From the anatomical heart, the program segued to matters of the heart with Shakespeare. Gauri Viswanathan, Professor in the Humanities and Director of the South Asia Institute at Columbia University and the author of Masks of Conquest: Literary Study and British Rule in India, moderated an intriguing discussion between James Shapiro, Shakespeare scholar and author of The Year of Lear: Shakespeare in 1606 and Preti Taneja, author of We That Are Young, which transports King Lear to the chaos of contemporary India.
“It is probably not an exaggeration to say that Shakespeare’s enduring presence is as marked in India as any other country, including England,” said Viswanathan. “Reworked and translated into numerous Indian languages and adaptations ranging from films to novels, Shakespeare’s plays continue to speak to the Indian imagination and provide a lens to interpret India’s contemporary social and political roles.”
Preti Taneja’s debut novel, We That Are Young, is a modern take on King Lear, which offers a searing retelling from the perspective of Lear’s daughters: a tale of inheritance, corporate power, and rampant corruption in modern India.
So what made Preti take on Shakespeare and remake King Lear? “For me King Lear is a puzzle and I haven’t solved it in any way,” Taneja told the audience. “It’s obsessed me since I was 17. It was the first time in the classroom that I have really seen a Partition narrative in which women are the kind of pawns in the game, and everything to do with female honor and shame was expressed in the classroom, and I could suddenly see an extended Indian family which really didn’t have room in the classroom in the UK where I grew up. The idea was very exciting to me and [it] never just went away, [the] sense of it in the world where I was growing up.”
Taneja mentioned that she has been in touch with Vishal Bhardwaj, the Bollywood director who has given us masterful desi adaptions of Macbeth, Othello, and Hamlet and who is now working on Twelfth Night.
New York: The city that speaks 800 languages
Perhaps the discussion which touched all New Yorkers and anyone with a global outlook was “New York, the City of Many Tongues”—a discussion about languages by Kanishk Tharoor who is the author of a collection of short stories, Swimmer Among the Stars, which won the Tata First Book Award for Fiction and was the Guardian’s and NPR’s Best Book of the Year. Along with him was a totally eclectic group—diverse people with diverse backgrounds. Syrian-American writer Alia Malek, Indian Parsi writer Kayhan Irani, activist Ruchira Gupta, and Ross Perlin who is co-director of The Endangered Language Alliance and author of Intern Nation: How to Earn Nothing and Learn Little in the Brave New Economy.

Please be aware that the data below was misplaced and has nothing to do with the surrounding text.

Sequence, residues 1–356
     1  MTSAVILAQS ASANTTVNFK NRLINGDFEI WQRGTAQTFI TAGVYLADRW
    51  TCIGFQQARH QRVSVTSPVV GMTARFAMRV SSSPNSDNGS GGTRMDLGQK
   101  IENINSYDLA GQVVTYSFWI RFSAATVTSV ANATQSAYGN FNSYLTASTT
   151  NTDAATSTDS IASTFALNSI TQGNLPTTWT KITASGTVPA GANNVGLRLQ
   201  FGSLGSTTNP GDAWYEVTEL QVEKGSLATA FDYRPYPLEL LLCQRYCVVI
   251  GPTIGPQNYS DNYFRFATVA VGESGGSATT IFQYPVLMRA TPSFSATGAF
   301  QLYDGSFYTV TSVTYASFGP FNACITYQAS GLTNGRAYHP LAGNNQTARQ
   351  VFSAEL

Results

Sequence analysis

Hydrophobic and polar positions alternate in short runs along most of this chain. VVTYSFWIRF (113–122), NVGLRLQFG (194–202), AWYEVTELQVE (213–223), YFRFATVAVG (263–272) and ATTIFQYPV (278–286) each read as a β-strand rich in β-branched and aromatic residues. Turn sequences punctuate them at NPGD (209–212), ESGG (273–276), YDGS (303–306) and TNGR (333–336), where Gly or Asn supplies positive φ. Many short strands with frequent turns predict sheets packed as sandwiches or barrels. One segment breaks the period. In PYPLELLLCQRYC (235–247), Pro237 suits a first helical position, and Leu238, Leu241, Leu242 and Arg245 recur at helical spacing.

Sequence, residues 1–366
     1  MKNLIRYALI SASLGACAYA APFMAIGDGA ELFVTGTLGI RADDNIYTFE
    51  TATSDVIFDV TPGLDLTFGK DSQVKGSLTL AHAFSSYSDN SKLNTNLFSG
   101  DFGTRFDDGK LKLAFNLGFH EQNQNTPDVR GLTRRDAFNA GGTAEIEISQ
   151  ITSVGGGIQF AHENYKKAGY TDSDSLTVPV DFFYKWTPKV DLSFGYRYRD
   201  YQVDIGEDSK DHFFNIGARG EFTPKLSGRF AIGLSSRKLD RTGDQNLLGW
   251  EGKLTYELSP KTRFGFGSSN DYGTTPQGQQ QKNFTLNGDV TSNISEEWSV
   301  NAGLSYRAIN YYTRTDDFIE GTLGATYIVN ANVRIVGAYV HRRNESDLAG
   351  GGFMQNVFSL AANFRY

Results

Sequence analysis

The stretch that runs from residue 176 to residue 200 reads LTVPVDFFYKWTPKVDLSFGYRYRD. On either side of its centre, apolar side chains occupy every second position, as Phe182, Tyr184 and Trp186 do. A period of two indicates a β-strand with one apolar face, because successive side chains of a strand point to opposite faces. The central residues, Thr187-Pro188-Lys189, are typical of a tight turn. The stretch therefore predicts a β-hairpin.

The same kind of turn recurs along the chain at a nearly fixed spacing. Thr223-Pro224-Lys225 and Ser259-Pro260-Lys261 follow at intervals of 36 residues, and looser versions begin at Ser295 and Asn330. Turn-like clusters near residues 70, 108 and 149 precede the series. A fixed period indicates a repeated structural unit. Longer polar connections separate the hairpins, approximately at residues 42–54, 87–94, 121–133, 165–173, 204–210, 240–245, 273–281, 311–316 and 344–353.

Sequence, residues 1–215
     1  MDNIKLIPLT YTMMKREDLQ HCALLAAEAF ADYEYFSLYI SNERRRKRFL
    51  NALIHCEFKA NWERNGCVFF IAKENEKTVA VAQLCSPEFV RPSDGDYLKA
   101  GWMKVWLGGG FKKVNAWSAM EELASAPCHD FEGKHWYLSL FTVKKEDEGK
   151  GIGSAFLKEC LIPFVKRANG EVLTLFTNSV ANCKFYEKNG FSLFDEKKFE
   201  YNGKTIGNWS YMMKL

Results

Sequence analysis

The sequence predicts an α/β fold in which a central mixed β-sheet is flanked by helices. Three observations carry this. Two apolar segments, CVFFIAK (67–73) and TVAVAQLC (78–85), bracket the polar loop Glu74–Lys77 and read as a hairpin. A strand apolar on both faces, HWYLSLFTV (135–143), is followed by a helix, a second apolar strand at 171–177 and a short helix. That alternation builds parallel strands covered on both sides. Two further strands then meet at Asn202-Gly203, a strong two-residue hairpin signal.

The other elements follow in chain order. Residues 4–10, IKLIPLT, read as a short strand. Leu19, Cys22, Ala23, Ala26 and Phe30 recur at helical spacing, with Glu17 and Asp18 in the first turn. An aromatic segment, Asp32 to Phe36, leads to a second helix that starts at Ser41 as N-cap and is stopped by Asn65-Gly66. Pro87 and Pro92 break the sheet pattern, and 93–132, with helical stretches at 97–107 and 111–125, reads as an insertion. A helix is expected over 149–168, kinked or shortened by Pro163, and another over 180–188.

Indeed, New York is a metropolis of many voices and has been described as ‘the capital of language density.’ In a freewheeling discussion, these writers took on issues of the 800 languages spoken in New York, including the ones which have been lost in their home countries and are yet spoken here.
Kayhan Irani, who is an Emmy award winning writer and a cultural activist with a one-woman show, There Is a Portal, spoke poignantly about the loss of her language, comparing it to a distant ship which is slowly disappearing, a speck on the ocean. The power of language as a keeper of identity and selfhood was palpable in this discussion that provoked a lively audience interaction.
(Left) Shashi Tharoor conversing with Namita Gokhale. (Photo: Elsa Ruiz)
Renaissance man Shashi Tharoor
The day was punctuated with plenty of coffee breaks and quick chats with authors as they signed books for their fans. The final panel was a conversation with Shashi Tharoor, colorful politician and bestselling author of 16 works of fiction and nonfiction revolving around India and its history, culture, religion, and foreign policy. He spoke of the aftermath of colonialism and empire on today’s India, education, and his interpretation of being Hindu.
Answering questions from the audience, Tharoor said, “The British saddled us with their touching belief in bureaucracy. Colonialism rested on the assumption that anything resulting from the filling of forms in quadruple would solve injustice. So process is far more important in our government systems than outcomes.”
Yet he was optimistic that Indians would triumph over red tape. “But I feel we’ll get there and gradually we’ll strip away the situation. You can’t do it overnight, and you certainly can’t do it when you haven’t had a revolution really, you’ve had an evolution—you’ve taken over the colonial state and have very gradually begun to change it into something different. That has taken a while but change is coming.”
The grand finale was a reception at Asia Society where the JLF audience got to rub shoulders with the authors, have a glass of wine, and take the mandatory selfies with celebrities. Although this festival was a half-day event, it was a provocative tasting menu of things to come, and hopefully JLF will become a regular annual feast of ideas in New York.